Rail inspections utilize nondestructive testing methods to detect internal flaws in the rails. This is done by using specially equipped HiRail trucks, inspection cars, or in some cases, handheld inspection devices.
Rails must be replaced before the railhead profile wears to a degree that may trigger a derailment. Worn mainline rails usually have sufficient life remaining to be used on a branch line, siding or stub afterwards and are "cascaded" to those applications.
The environmental conditions along railroad track create a unique railway ecosystem. This is particularly so in the United Kingdom, where steam locomotives are only used on special services and vegetation has not been trimmed back so thoroughly. This creates a fire risk in prolonged dry weather.
In the UK, the cess is used by track repair crews to walk to a work site, and as a safe place to stand when a train is passing. This helps when doing minor work, while needing to keep trains running, by not needing a Hi-railer or transport vehicle blocking the line to transport crew to get to the site.
Bed and foundation
Railway tracks are generally laid on a bed of stone track ballast or track bed, which in turn is supported by prepared earthworks known as the track formation. The formation comprises the subgrade and a layer of sand or stone dust (often sandwiched in impervious plastic), known as the blanket, which restricts the upward migration of wet clay or silt. There may also be layers of waterproof fabric to prevent water penetrating to the subgrade. The track and ballast form the permanent way. The foundation may refer to the ballast and formation, i.e. all man-made structures below the tracks.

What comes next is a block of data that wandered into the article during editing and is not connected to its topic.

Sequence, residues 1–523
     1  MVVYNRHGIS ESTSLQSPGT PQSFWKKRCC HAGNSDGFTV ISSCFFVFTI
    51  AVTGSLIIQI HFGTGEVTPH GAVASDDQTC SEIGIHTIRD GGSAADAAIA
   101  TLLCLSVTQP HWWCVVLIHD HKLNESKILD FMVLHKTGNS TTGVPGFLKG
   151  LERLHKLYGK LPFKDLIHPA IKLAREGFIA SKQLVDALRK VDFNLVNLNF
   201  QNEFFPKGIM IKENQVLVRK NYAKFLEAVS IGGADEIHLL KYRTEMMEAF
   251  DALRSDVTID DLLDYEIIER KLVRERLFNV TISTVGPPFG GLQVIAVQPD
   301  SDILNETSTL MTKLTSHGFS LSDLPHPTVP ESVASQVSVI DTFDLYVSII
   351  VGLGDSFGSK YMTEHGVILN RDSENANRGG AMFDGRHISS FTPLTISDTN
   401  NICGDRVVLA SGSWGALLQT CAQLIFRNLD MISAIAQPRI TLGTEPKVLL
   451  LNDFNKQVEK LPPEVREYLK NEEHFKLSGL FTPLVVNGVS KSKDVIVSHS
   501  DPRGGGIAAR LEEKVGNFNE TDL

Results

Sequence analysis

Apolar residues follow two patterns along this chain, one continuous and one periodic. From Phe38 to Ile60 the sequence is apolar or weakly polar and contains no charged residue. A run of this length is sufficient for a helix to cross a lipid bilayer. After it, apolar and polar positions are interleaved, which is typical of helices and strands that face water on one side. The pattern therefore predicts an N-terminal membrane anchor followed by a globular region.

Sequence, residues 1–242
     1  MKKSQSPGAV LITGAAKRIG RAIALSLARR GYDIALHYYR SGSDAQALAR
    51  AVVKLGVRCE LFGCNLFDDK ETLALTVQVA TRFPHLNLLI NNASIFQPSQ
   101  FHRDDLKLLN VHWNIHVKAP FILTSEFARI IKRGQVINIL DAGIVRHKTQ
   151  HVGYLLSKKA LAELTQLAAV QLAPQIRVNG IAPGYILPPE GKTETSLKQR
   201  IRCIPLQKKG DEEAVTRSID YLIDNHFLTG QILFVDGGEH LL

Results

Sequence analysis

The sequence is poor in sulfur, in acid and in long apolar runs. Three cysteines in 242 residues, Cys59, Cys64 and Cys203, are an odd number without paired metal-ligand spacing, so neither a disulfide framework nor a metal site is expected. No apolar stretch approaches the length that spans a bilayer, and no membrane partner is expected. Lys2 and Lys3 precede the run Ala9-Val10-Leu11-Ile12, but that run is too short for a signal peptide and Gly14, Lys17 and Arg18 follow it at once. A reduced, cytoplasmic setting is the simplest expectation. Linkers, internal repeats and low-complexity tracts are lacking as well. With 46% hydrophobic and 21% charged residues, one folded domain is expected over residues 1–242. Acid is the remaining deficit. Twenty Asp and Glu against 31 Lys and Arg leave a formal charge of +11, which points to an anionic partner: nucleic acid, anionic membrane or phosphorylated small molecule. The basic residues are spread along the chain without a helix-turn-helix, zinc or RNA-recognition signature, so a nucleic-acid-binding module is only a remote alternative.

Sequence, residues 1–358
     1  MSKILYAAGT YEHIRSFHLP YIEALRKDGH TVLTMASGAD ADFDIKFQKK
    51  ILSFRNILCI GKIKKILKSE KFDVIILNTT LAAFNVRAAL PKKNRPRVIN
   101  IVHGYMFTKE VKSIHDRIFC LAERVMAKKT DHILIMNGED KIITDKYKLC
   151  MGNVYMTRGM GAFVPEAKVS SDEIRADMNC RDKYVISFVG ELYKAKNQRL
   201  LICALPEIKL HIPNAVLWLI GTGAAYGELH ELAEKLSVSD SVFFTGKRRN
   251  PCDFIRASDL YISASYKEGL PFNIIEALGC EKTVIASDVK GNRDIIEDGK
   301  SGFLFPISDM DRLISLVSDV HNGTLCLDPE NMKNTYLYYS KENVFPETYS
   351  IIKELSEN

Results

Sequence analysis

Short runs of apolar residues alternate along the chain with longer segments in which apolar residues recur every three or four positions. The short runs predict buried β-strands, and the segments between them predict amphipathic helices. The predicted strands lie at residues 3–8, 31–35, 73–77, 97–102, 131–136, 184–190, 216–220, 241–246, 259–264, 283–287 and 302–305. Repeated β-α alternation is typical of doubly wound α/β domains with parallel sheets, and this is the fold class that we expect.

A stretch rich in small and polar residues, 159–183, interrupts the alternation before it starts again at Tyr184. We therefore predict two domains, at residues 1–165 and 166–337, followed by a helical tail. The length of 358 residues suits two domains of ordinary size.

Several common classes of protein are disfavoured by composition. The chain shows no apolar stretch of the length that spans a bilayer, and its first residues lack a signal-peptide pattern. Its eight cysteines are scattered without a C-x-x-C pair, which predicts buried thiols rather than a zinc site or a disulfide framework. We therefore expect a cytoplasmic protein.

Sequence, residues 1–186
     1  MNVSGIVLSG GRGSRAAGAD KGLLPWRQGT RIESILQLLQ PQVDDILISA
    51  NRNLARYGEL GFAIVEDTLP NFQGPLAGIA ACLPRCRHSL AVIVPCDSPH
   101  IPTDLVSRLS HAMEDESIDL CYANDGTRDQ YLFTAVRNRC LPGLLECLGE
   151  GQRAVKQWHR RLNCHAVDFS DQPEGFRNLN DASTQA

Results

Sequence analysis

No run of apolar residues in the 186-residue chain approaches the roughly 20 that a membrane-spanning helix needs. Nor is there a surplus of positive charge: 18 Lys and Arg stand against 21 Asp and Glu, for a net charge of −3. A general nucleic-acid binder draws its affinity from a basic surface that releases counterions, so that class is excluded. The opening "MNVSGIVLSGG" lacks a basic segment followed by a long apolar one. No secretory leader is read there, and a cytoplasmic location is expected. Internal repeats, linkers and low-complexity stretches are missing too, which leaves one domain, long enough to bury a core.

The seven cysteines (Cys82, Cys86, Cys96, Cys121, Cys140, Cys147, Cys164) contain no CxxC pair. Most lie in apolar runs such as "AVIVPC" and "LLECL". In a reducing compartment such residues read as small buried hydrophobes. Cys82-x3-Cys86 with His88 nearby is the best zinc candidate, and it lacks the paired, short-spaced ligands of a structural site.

Some railroads are using asphalt pavement below the ballast in order to keep dirt and moisture from moving into the ballast and spoiling it. The fresh asphalt also serves to stabilize the ballast so it does not move around so easily.
Additional measures are required where the track is laid over permafrost, such as on the Qingzang Railway in Tibet. For example, transverse pipes through the subgrade allow cold air to penetrate the formation and prevent that subgrade from melting.
The sub-grade layers are slightly sloped to one side to help drainage of water. Rubber sheets may be inserted to help drainage and also protect iron bridgework from being affected by rust.
The technology of rail tracks developed over a long period, starting with primitive timber rails in mines in the 17th century.
- Degree of curvature
- Difference between train and tram rails
- Exothermic welding
- Glossary of rail terminology
(including US/UK and other
- Minimum railway curve radius
- Permanent way (history)
- Rack railway
- Rail profile
- Roll way, part of the track of a rubber-tyred metro
- Rubber-tyred metro
- Street running
- Tie plate
- TGV track construction
- Tramway (industrial)
- Tramway track
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|Wikimedia Commons has media related to Rail tracks.|
- Table of North American tee rail (flat bottom) sections
- ThyssenKrupp handbook, Vignoles rail
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- Track Details in photographs
- "Drawing of England Track Laying in Sections at 200 yards an hour" Popular Mechanics, December 1930
- Winchester, Clarence, ed. (1936), "The permanent way", Railway Wonders of the World, pp. 331–338 illustrated description of the construction and maintenance of the railway
- Railway technical